Suzan felt elated when Ellen agreed to have dinner with her and Davis on Sunday evening. Wanting to look her best, she wore her new teal halter dress along with the chocolate diamond pendant and matching stud earrings Davis had given her for Christmas. For a special touch, she took the time to twist her hair up in a chignon and used the curling iron to create tendrils down her neck. When she appeared in the living room before they left the apartment, Davis whistled in appreciation. “Wow, you look terrific, darling.”
“Thanks, I appreciate the compliment.” Actually Suzan needed one from the man in her life to assure her that she remained attractive to him—and vice versa.
Tonight Davis looked quite dapper in a pastel blue shirt, sienna slacks and a lightweight tweed jacket. “Now where are we going?” he asked.
“The Bombay Bicycle Club, a new restaurant that received an excellent review in the paper, their menu an eclectic mix of Middle Eastern, South American and European cuisine.”
“What, no Pacific Rim?” Davis chuckled as he turned off his cell phone but kept it on vibrate just in case he received an emergency call. He slipped the phone in his jacket pocket. “Well, just give me an old-fashioned steak dinner and I’ll be a happy camper.”
When the couple arrived at the restaurant they found Ellen already there and sitting in the reception area.
“I hope you didn’t have to wait long,” Suzan stated with a ping of guilt.
Ellen smiled sweetly. “Not at all. In fact, I just arrived. By the way you look lovely, doctor.”
Despite herself, Suzan blushed. “Why thank you. And you look fabulous.”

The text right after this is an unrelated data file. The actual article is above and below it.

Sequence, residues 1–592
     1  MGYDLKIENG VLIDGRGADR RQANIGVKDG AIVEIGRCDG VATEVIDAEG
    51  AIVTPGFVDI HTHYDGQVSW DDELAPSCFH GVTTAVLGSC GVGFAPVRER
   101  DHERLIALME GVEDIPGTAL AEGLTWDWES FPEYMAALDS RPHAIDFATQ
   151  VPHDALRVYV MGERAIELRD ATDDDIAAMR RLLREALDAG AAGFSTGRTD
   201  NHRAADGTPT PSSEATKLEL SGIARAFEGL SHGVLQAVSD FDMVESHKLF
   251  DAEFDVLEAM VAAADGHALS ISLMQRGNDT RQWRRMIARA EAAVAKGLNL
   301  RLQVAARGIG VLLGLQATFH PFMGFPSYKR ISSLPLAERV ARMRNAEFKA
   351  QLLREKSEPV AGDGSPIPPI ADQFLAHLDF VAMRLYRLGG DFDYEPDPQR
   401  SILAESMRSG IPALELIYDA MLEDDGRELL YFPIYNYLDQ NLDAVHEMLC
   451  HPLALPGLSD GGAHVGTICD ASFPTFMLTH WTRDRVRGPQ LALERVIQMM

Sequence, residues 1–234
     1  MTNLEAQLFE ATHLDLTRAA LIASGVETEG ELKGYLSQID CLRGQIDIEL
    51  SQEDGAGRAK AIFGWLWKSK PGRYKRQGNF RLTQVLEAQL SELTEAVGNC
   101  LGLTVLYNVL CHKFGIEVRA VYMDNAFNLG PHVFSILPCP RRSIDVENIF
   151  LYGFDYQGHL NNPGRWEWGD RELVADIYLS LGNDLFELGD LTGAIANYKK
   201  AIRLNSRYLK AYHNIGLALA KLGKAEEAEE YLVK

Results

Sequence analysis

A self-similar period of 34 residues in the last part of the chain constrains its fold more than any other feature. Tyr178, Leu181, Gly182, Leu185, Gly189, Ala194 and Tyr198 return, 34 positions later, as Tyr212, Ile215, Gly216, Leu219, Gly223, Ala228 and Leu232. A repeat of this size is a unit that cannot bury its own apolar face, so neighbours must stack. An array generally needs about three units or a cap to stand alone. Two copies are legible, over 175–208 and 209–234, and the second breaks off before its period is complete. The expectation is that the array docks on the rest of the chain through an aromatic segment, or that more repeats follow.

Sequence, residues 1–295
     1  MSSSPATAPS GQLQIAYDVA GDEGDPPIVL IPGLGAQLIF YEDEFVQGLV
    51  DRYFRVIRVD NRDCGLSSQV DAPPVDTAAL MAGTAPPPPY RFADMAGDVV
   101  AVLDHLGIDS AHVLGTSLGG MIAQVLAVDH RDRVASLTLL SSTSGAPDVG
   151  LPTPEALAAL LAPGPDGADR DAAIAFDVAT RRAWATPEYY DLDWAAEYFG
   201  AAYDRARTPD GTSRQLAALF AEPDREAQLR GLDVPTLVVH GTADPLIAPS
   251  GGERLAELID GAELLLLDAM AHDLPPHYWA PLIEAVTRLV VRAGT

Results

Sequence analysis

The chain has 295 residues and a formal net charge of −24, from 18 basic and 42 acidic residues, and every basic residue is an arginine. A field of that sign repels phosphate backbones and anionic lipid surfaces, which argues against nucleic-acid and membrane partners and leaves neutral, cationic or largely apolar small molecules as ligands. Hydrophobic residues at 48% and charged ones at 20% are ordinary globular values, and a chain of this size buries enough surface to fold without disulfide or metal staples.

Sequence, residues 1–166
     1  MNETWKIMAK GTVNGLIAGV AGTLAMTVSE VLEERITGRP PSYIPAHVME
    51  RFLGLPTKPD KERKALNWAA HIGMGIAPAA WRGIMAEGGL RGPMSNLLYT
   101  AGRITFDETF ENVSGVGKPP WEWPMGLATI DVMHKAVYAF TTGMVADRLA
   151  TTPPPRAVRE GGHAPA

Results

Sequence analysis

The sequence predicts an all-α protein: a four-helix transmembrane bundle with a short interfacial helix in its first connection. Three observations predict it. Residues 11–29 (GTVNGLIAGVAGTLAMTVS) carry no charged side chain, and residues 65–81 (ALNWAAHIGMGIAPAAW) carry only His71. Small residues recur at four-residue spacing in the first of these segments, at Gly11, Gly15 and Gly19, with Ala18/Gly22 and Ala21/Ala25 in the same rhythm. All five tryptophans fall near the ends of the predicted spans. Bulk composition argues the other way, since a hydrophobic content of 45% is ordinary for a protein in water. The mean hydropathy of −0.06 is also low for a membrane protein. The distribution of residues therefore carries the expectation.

“You’re too kind, Suzan.”
Of course, Ellen looked terrific in a pink floral strapless dress with a matching wrap, her shoes gold sandals with stiletto heels. A black velvet choker featuring a rainbow opal in an antique gold setting circled her neck.
When Suzan made introductions she glanced at Davis who donned a look of object appreciation for the stunning blonde woman before him. Suzan had made a reservation and they were immediately escorted to their table for three. Like the menu, The Bombay Bicycle Club offered an eclectic décor of art and objets d’art from all over the world, including a collection of antique high-wheeled bicycles.
After the trio ordered the evening special—flaming Argentine steak kabobs with vegetables on saffron rice—Suzan asked Ellen how her interview went with Detective Mears yesterday afternoon.
“A bit sad,” Ellen answered with a wistful look. “I can’t imagine what prompted Autumn and Taylor to go off and not let their parents know what happened to them.”
Suzan quickly filled Davis in on the missing teens who took music lessons from Ellen.
“I found Autumn’s android phone,” Ellen revealed, “in the well of the piano. She must have arrived before I returned home from running an errand. She left an unfinished text with no recipient tagged. Her message stated that she was going to the Justin Bieber concert in Toronto. Of course, she didn’t say how she planned to get there.”
She paused to take a sip of the Pinot Noir wine Davis had ordered. “I assume she met Taylor at the house and they went off together. Autumn’s parents came to see me last night when I called and told them I had her phone. I assume Autumn accidentally left it on the piano and perhaps knocked it into the board of piano wires.”
“I’m sure her parents are frantic with worry.” Suzan stated.